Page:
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Migrant Mother: How a Photograph Defined the Great Depression
Migrant Mother: How a Photograph Defined the Great Depression
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Migrant Mother: How a Photograph Defined the Great Depression

In the 1930s, photographer Dorothea Lange traveled the American West documenting the experiences of those devastated by the Great Depression. She wanted to use the power of the image to effect political change, but even she could hardly have expected the effect that a simple portrait of a worn-looking woman and her children would have on history. This image, taken at a migrant workers’ camp in Nipomo, California, would eventually come to be seen as the very symbol of the Depression. The photograph helped reveal the true cost of the disaster on human lives and shocked the U.S. government into providing relief for the millions of other families devastated by the Depression.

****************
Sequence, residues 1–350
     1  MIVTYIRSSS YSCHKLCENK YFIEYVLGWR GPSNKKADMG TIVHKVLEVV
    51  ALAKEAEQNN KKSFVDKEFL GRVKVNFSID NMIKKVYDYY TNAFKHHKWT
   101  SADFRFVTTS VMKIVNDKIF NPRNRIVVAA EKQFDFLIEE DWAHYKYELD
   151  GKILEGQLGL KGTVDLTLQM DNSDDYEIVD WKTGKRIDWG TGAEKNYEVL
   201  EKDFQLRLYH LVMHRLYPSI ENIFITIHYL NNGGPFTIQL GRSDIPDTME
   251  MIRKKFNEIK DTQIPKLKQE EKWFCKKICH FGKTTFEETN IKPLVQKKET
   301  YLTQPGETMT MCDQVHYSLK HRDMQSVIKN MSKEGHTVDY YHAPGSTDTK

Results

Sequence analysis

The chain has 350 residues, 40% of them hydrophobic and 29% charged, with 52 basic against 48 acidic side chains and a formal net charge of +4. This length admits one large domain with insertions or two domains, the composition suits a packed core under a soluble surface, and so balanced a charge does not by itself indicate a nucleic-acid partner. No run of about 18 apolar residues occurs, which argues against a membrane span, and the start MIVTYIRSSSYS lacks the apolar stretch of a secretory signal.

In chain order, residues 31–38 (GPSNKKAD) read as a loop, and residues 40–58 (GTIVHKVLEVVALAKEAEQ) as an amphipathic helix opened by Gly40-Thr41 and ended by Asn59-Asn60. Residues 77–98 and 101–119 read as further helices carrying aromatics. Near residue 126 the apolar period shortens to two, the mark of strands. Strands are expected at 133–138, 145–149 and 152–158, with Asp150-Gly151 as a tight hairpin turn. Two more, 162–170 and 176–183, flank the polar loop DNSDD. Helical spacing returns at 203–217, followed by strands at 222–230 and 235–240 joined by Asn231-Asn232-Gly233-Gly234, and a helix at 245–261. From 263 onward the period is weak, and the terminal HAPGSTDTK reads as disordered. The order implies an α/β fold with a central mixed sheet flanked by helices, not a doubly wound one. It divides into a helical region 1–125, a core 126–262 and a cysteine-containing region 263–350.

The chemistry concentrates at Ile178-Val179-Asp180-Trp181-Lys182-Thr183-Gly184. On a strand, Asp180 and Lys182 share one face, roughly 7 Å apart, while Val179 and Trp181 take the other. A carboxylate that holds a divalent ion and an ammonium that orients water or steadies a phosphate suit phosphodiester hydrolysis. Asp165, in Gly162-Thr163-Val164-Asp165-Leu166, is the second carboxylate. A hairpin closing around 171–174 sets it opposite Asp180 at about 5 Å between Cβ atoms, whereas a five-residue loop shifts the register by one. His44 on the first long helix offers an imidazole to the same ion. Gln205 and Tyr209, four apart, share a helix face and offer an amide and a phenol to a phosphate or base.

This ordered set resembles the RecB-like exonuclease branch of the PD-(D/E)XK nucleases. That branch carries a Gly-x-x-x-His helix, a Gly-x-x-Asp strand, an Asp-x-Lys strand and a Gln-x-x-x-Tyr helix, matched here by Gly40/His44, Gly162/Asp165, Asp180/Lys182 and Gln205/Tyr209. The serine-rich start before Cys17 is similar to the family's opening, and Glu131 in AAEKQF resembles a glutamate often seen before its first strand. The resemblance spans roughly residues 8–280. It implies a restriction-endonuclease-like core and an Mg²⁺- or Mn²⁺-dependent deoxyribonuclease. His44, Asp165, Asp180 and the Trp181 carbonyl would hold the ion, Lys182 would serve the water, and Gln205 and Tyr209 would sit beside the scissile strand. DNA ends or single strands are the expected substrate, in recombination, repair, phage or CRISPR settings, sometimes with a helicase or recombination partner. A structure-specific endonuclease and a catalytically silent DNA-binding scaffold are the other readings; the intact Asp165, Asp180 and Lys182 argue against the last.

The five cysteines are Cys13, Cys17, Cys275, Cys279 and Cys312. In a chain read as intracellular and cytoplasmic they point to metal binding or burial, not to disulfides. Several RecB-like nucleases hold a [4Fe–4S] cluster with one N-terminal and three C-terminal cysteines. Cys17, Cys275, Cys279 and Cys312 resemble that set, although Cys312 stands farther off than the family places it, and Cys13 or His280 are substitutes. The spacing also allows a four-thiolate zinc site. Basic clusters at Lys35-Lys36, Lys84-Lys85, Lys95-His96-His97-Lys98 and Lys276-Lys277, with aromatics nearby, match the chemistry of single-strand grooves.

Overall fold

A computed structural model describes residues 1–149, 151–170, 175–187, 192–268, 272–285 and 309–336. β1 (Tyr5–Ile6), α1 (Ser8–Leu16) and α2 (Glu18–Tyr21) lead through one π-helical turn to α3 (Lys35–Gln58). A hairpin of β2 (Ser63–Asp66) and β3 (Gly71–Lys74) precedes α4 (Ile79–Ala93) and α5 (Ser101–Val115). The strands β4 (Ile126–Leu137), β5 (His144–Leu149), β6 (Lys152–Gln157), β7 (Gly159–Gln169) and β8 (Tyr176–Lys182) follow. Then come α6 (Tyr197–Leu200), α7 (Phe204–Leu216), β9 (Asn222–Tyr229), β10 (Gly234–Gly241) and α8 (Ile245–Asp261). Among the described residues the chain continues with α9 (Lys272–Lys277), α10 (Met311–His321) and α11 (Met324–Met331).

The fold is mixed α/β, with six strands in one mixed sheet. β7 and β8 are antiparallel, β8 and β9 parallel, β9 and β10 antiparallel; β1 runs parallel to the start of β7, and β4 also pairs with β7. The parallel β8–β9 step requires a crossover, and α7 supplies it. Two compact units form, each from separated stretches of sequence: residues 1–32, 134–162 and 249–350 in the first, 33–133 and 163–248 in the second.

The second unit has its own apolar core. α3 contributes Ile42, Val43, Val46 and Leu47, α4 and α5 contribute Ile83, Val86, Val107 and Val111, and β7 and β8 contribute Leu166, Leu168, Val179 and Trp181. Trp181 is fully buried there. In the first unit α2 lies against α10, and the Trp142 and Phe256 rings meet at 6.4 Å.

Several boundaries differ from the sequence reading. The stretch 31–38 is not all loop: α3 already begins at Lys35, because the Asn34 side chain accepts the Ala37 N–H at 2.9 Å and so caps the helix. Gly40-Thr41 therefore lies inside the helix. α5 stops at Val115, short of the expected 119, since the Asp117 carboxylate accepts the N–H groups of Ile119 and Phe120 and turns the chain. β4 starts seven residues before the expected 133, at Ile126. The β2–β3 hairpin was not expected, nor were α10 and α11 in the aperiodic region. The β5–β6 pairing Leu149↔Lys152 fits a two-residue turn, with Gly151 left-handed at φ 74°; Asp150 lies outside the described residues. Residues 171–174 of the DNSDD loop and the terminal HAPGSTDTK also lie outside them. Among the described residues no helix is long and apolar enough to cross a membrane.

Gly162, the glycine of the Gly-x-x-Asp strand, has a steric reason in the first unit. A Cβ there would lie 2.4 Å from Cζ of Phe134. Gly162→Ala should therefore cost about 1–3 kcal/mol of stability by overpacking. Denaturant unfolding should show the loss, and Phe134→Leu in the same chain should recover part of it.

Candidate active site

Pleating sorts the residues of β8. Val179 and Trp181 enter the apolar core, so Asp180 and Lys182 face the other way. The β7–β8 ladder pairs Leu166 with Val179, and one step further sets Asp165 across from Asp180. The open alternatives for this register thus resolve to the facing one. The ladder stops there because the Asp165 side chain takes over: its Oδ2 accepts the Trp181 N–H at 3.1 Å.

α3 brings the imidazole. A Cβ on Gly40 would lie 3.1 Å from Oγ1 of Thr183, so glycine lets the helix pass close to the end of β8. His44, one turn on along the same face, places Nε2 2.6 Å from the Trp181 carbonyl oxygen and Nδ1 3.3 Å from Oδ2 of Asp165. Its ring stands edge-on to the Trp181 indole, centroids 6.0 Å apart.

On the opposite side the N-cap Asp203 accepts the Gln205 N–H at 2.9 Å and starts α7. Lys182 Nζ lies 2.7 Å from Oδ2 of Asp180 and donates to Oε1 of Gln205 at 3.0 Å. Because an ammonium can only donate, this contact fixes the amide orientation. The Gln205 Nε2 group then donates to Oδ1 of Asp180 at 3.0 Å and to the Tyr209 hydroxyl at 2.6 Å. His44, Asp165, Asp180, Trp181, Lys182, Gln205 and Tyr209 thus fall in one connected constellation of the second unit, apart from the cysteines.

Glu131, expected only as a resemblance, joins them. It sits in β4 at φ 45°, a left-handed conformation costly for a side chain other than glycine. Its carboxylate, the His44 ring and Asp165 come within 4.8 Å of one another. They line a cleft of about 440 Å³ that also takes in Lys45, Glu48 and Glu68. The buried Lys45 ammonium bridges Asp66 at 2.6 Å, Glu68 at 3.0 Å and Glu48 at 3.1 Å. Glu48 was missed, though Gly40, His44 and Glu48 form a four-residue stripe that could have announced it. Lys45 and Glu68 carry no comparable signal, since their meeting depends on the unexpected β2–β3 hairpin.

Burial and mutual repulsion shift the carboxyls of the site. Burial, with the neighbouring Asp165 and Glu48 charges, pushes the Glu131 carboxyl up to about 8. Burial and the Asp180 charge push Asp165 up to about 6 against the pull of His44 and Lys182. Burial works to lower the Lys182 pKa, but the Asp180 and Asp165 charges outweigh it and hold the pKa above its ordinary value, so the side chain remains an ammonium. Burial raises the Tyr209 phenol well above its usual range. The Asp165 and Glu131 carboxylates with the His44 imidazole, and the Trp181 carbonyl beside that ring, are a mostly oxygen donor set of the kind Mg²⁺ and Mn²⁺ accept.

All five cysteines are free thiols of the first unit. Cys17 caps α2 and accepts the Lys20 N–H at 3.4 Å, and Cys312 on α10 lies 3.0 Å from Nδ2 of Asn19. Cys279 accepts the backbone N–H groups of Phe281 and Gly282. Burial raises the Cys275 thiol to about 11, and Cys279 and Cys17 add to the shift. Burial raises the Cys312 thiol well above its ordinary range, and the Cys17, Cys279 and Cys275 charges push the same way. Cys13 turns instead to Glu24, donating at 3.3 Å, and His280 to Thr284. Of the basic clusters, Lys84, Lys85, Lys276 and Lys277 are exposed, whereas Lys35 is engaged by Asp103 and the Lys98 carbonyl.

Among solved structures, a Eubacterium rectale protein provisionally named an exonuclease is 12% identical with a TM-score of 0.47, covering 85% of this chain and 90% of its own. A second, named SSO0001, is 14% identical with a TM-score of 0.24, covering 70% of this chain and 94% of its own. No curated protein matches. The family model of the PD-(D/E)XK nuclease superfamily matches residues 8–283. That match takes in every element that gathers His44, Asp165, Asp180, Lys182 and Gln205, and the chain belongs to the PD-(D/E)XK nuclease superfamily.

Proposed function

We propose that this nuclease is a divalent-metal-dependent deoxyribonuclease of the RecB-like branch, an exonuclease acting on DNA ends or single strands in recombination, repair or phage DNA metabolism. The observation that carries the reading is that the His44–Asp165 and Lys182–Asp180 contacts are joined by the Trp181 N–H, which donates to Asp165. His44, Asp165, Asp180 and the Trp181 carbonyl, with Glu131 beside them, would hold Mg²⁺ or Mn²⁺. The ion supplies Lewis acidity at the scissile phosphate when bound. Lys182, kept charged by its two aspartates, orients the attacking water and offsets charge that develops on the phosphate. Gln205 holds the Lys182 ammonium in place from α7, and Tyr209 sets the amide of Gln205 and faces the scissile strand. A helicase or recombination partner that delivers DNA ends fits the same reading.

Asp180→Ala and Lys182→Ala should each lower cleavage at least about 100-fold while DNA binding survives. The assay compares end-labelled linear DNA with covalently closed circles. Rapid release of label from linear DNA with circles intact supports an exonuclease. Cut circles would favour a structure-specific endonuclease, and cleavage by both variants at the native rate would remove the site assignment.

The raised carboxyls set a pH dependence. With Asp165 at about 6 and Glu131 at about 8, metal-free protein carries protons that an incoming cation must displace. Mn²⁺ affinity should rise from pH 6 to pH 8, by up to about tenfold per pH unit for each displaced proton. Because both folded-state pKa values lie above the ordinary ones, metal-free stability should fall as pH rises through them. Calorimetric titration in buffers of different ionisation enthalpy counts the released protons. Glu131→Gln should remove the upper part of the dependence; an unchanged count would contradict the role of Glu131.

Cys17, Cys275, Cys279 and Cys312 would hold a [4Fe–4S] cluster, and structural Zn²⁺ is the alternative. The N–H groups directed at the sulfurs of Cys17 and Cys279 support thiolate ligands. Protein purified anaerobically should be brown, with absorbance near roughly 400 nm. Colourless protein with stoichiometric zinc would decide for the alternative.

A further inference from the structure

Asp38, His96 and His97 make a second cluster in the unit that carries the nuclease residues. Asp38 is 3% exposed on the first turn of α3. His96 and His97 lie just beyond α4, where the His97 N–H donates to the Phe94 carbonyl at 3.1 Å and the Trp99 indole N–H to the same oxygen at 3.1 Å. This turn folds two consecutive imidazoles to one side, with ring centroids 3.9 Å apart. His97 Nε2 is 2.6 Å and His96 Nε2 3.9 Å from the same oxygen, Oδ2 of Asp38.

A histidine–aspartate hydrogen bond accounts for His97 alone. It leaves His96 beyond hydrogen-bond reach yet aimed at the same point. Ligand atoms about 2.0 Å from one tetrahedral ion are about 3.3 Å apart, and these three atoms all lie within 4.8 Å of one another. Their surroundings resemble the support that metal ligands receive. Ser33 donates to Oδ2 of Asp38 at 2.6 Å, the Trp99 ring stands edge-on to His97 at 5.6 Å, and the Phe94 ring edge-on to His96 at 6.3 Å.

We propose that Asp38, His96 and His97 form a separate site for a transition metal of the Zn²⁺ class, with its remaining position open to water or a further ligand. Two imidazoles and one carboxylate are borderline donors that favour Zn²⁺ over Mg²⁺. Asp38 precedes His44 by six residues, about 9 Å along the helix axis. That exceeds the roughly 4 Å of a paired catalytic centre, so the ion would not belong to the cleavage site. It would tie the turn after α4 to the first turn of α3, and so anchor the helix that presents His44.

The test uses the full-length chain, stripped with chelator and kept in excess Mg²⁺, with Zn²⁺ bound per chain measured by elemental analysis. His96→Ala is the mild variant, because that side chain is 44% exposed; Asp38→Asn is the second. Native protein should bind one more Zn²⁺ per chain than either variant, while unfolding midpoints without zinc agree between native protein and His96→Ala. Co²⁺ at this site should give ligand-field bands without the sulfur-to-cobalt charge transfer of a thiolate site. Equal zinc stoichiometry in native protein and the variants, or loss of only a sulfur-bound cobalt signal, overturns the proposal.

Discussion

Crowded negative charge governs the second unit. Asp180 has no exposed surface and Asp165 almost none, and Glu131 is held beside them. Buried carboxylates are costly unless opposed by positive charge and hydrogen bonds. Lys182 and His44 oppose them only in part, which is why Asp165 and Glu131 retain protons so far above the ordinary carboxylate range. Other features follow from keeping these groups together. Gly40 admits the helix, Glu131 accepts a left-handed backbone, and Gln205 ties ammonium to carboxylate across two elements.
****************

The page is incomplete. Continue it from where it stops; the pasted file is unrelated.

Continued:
ISBN978-0-7565-6059-1
6-Pack ISBN978-0-7565-4458-4
Text TypeProcedural Text
SubjectProfessional Development
Page Count4
Copyright2011
SeriesCaptured History
Teacher Note Cards
Price
$1.00
 


6-Pack
Paperback
Price
$54.70

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